AFGHANISTAN - PAKISTAN
Mazar-i-Sharif, UN attacked: 20 dead. Links to the Florida Koran burning
United Nations complex in northern Afghanistan the target, in an area considered peaceful. The attack occurred during a protest against the act of the U.S. Pastor Terry Jones, who denies responsibility. Ban Ki-moon "outrageous and cowardly" gesture.
Kabul (AsiaNews / Agencies) - 20 people were killed, including foreign workers and UN staff, yesterday in an attack that took place in Mazar-i-Sharif, a city in northern Afghanistan against a United Nations complex. The assault occurred during a protest by local Muslims against the insane act - repeatedly condemned by Christians in Pakistan and India - of pastor Wayne Sapp, who last March 20 in Florida burned a Koran under the supervision the evangelical preacher Terry Jones. UN Secretary General Ban Ki-moon, has described the attack as "outrageous and cowardly."
On Saturday at least five people have been killed in the southern Afghan city of Kandahar, on a second day of violent protests over the burning of a Koran. Hundreds of people took part in the protest; gunfire was heard and cars were set on fire.
Yesterday at least eight foreigners died in the attack on the the UN complex in Mazar-i-Sharif, including four Nepalis. Three UN workers were killed, along with five demonstrators at least 20 wounded, but the toll is still provisional. Mixed with the crowd there were groups of people armed with pistols and rifles. Police have arrested 27 people.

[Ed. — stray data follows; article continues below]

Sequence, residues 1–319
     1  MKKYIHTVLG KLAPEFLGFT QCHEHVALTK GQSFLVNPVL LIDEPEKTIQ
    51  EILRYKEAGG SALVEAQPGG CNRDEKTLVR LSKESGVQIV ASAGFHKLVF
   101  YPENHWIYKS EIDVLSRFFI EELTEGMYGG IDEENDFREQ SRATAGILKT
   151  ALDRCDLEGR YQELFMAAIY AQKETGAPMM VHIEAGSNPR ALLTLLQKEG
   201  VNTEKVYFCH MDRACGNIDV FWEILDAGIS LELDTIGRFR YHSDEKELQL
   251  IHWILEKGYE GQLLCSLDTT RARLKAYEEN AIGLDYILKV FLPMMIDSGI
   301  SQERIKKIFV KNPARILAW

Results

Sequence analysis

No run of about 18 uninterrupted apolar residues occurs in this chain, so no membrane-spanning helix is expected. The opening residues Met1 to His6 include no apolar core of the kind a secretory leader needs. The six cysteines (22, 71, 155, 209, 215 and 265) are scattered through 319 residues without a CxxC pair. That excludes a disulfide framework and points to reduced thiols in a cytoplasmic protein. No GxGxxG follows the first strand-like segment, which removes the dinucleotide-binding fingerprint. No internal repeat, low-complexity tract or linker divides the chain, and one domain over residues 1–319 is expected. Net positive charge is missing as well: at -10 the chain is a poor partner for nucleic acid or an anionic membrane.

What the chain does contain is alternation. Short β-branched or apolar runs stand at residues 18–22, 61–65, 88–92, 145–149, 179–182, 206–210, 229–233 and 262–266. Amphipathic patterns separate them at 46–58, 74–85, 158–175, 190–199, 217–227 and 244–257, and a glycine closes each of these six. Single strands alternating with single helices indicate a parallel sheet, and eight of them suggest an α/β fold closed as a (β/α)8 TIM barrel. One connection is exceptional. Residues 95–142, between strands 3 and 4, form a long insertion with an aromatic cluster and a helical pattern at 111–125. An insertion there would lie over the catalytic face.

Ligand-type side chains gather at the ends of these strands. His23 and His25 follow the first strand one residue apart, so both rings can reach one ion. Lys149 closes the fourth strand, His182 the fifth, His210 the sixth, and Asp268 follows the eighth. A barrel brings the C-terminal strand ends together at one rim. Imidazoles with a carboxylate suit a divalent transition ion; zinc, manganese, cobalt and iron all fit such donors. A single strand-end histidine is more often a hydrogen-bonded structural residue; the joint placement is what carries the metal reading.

This is the worst attack on a United Nations headquarters in Afghanistan and took place in a city considered to be relatively quiet. The governor of Balkh province Ata Mohammad Noor said that the fundamentalists have used the protest march as "coverage", thus sparking a battle that lasted several hours. The attack raised many doubts about safety in Mazar-i-Sharif, one of the "pilot cities" for an upcoming transfer of power to the Afghan national forces.
UN Secretary General Ban Ki-moon, on a mission to Nairobi (Kenya), condemned the attack on the UN position in Afghanistan, calling it an "indecent and cowardly” gesture. A UN spokesman confirmed the death of some UN employees but declined to provide clarification on the number and nationality. Despite the attack, he adds, the United Nations will remain in the country.
Meanwhile, controversy mounts around the U.S. Pastor Terry Jones, who with his mad gesture has sparked the ire of the Islamic community. In Pakistan in recent days there have been three attacks on Christian churches, which have also caused the deaths of two faithful. Catholic leaders in Pakistan have repeatedly wanted to distance themselves from the American evangelical preacher, stressing that "Christians are born in Pakistan and have no ties with the United States." Pastor Jones denies responsibility in the attack against the UN headquarters in Afghanistan, but there is a clear link between the burning of the Koran and the war launched by fundamentalists against Christians and objectives considered "close" to the West.